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Study: Adversity, Trauma Early in Life Increases Likelihood of Poor Health Later

A report released Wednesday showed a strong link between traumatic events in children’s lives and ill health later in life.

Release of the new clinical analysis coincides with Thursday’s convening of a summit in San Francisco on the health ramifications of childhood trauma and adversity. The summit — “Children Can Thrive: California’s Response to Childhood Trauma Experiences” — was organized by the Center for Youth Wellness, which generated yesterday’s report.

The report is based on data acquired by the Public Health Institute, also based in San Francisco. It found that children with four or more adverse childhood experiences were:

  • More than twice as likely to have chronic obstructive pulmonary disease later in life;
  • About twice as likely to have asthma;
  • At much higher risk of kidney disease and stroke;
  • More than five times as likely to suffer from depression; and
  • More than four times as likely to be diagnosed with dementia or Alzheimer’s later in life.

Children with early traumatic events in their lives also showed increases in risky health behaviors such as smoking and binge drinking, as well as tendencies to be poor, less educated and unemployed.

“The effects of early adversity on lifetime heath are astounding,” said Nadine Burke Harris, a San Francisco pediatrician and CEO of the Center for Youth Wellness. “And the thing is, no one knows about it.”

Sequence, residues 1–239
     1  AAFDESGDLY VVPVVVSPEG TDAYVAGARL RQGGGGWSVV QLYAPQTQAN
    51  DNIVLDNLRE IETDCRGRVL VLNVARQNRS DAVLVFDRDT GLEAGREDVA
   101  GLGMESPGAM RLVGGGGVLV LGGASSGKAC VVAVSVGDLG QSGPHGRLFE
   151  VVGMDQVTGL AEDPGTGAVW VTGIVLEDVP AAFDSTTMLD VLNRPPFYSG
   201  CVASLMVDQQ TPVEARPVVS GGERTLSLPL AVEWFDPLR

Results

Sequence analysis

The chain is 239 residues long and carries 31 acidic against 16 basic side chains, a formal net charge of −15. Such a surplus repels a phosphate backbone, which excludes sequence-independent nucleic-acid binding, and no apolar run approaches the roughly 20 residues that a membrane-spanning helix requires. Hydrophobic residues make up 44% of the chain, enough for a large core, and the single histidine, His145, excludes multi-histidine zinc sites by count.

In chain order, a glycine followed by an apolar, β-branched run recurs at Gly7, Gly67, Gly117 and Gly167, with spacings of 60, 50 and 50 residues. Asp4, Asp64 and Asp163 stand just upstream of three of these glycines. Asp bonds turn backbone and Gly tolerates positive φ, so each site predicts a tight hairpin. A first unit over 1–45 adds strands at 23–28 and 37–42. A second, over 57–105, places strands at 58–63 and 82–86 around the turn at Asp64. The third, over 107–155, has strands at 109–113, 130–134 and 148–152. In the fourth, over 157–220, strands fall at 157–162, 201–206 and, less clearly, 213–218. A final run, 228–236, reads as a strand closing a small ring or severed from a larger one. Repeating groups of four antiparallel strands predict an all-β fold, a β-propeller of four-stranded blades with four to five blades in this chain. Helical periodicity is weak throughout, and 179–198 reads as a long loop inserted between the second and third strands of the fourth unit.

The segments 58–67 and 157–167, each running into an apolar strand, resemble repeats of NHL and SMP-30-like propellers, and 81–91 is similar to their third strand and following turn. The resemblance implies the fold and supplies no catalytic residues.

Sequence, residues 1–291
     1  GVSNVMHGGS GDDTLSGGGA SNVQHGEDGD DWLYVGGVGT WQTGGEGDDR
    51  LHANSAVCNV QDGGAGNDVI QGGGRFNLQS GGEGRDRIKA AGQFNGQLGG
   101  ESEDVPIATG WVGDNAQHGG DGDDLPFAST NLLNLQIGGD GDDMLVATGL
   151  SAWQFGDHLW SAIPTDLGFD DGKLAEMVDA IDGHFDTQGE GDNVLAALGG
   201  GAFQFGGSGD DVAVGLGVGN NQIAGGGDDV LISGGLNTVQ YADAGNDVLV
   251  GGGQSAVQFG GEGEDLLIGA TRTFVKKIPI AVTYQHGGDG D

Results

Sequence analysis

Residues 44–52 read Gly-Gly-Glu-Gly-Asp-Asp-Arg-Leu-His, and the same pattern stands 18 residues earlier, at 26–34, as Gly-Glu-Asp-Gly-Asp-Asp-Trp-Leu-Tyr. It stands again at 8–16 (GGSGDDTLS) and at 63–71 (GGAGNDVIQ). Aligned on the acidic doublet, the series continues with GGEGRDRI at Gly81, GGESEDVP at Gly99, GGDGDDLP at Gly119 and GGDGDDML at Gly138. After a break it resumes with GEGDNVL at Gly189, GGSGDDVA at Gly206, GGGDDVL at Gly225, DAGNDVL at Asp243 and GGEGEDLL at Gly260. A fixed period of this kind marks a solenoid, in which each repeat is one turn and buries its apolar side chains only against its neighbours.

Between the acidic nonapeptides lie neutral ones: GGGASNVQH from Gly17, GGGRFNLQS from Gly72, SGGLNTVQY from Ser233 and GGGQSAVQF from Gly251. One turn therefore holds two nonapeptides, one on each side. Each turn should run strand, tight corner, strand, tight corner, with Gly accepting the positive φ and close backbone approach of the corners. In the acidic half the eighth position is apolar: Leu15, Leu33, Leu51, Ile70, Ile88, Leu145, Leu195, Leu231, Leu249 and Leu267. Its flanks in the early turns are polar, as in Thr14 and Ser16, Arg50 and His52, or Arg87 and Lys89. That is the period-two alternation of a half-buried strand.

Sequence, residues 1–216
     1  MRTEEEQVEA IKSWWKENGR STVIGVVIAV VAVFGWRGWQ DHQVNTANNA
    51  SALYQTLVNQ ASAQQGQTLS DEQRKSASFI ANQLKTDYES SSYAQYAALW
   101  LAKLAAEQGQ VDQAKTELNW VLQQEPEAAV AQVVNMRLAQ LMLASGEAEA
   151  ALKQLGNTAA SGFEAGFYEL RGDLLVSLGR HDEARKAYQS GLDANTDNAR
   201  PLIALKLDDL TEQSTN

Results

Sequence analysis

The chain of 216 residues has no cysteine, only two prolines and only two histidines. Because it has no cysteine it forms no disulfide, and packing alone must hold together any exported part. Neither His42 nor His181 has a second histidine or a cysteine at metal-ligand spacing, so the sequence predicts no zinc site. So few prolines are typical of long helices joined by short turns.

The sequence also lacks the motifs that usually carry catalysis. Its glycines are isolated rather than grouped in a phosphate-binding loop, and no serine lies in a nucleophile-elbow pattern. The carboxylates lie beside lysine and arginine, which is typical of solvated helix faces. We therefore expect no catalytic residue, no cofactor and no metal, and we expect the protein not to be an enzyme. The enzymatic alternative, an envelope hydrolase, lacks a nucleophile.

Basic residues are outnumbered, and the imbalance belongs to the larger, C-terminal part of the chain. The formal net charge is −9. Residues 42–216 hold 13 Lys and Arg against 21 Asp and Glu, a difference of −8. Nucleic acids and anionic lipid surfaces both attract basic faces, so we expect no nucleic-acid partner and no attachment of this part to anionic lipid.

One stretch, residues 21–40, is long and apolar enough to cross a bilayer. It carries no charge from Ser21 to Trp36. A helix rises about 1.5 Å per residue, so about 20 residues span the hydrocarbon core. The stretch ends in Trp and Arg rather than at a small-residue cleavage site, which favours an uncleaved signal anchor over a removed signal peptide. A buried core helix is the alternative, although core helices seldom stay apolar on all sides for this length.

The report used 10 criteria for adverse childhood experiences, such as physical abuse, parental incarceration and domestic violence in the home.

“One surprising thing is that adverse childhood experiences are really common,” Burke Harris said. She said 61% of those interviewed reported at least one incidence of those adverse events. “And 16% have a score of four or more of them,” she said.

“The other surprising thing to me was that [these events] were consistent across race and ethnicity,” Burke Harris said.

“There is no doubt there is a direct link between early adversity and health outcomes,” Burke Harris said. “The higher your dose of adversity, the more likely you are to have health issues later in life.”

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